With no vaccine to protect animals, researchers say the virus – which can survive for more than a year in dry-cured ham – is a particular risk to countries such as Thailand, Vietnam and Myanmar. Russia’s veterinary watchdog Rosselkhoznadzor has imposed temporary restrictions on the import of pork and pig products from Mongolia due to outbreaks of African swine fever (ASF) according to RBC.
A document signed by the Deputy Head of the agency, Konstantin Savenkov, imposes a ban on the import of domestic pigs and captive wild pigs from Mongolia. The ban also applies to waste and manure from pigs, used equipment for housing, slaughter and cutting, hunting trophies and products containing pork, Rosselkhoznadzor said.
The document notes that the ban does not affect products containing pork, which has been processed according to technology that guarantees the destruction of the ASF virus.
The Mongolian outbreak occurred in a “backyard” swine operation in the centre of Bulgan region, which borders Russia, according to a report by the World Organization for Animal Health (OIE). The United Nations’ Food and Agriculture Organisation (FAO), which is spearheading an international effort to control the virus, has already said the spread of African swine fever to other Asian countries is a near certainty.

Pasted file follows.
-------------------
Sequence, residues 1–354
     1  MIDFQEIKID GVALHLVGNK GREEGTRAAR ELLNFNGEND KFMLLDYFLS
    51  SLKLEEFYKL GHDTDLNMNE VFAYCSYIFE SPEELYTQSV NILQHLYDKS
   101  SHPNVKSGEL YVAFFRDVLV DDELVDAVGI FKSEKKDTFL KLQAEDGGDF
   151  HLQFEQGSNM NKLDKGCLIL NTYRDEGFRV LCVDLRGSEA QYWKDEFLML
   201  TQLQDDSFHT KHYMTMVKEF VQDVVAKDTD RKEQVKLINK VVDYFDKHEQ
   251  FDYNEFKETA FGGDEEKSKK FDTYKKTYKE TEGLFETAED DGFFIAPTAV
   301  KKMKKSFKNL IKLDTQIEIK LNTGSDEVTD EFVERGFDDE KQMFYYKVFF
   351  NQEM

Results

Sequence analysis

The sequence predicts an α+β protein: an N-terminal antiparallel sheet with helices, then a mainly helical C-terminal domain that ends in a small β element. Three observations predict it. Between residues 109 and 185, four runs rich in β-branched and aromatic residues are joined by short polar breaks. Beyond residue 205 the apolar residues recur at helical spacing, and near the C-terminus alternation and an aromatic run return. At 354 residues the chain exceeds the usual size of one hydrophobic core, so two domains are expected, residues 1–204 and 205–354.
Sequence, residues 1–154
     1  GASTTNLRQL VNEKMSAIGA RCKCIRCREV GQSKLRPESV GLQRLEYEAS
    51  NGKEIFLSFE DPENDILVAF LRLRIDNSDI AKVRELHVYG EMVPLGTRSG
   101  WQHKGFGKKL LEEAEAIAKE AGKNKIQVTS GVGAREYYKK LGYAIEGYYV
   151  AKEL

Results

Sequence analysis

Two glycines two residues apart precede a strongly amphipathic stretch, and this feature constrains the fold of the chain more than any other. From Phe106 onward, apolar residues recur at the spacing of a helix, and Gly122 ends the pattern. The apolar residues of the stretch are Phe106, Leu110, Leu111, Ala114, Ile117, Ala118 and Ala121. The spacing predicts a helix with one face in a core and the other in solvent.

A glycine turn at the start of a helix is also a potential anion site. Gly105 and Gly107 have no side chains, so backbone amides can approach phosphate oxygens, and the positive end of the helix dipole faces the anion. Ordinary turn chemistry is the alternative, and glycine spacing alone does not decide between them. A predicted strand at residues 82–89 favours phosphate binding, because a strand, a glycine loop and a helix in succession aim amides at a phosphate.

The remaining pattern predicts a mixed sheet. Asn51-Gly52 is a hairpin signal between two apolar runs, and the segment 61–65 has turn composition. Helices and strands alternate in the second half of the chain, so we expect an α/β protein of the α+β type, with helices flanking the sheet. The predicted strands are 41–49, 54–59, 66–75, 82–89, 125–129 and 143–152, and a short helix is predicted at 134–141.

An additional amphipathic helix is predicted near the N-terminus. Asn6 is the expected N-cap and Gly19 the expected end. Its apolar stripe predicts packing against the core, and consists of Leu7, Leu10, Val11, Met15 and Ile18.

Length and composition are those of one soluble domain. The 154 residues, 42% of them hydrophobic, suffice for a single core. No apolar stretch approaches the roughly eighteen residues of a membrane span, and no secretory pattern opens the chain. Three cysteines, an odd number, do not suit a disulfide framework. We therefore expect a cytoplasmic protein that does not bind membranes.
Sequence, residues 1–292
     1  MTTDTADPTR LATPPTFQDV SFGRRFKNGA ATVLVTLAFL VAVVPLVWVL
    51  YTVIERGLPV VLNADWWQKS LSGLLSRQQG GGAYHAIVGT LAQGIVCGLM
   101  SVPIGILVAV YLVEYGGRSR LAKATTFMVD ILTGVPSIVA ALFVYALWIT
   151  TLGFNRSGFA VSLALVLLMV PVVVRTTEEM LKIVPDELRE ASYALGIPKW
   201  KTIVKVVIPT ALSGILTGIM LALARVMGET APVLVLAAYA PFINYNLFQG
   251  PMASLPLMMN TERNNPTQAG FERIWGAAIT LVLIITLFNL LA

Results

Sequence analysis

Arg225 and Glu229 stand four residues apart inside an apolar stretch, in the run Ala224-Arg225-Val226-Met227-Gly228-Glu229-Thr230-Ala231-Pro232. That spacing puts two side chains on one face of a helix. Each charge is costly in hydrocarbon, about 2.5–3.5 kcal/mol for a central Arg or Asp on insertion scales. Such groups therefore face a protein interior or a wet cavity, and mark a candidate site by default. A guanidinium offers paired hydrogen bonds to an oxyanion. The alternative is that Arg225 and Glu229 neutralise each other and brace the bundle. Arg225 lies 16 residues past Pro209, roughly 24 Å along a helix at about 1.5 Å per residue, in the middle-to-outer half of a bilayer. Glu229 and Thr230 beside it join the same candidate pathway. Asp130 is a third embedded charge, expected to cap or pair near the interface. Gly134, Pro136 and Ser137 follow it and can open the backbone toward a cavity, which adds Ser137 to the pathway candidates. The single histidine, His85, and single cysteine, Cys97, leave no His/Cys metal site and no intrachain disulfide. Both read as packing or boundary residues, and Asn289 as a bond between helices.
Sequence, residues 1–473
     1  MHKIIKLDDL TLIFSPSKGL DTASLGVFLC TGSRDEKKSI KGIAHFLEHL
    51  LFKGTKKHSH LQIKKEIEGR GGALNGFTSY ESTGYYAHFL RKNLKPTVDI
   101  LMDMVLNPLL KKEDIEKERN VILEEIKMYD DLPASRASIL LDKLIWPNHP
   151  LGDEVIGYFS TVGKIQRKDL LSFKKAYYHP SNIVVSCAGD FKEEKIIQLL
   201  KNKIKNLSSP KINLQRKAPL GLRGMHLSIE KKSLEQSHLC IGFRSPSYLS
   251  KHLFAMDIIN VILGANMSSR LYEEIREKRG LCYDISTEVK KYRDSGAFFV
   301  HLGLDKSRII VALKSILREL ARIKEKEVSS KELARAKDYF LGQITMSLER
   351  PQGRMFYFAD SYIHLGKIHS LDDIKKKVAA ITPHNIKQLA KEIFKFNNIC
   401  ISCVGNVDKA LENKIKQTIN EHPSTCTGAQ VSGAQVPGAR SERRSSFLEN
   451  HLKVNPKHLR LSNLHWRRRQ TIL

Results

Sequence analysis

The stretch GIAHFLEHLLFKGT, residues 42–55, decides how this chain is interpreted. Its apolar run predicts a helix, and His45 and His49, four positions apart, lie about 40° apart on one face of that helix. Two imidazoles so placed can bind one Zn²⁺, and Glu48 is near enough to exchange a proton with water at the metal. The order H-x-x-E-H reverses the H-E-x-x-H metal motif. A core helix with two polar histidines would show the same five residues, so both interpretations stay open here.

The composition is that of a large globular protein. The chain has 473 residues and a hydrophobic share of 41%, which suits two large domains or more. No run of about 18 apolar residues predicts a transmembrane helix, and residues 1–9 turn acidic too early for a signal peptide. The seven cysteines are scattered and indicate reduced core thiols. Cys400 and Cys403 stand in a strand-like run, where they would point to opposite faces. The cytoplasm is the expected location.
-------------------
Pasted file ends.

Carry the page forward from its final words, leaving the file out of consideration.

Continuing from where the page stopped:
Animal health authorities in Asia have increased border surveillance and China has slaughtered more than 900,000 pigs to contain the disease, which isn’t known to harm humans. With no vaccine to protect animals, researchers say the virus – which can survive for more than a year in dry-cured ham – is a particular risk to countries such as Thailand, Vietnam and Myanmar.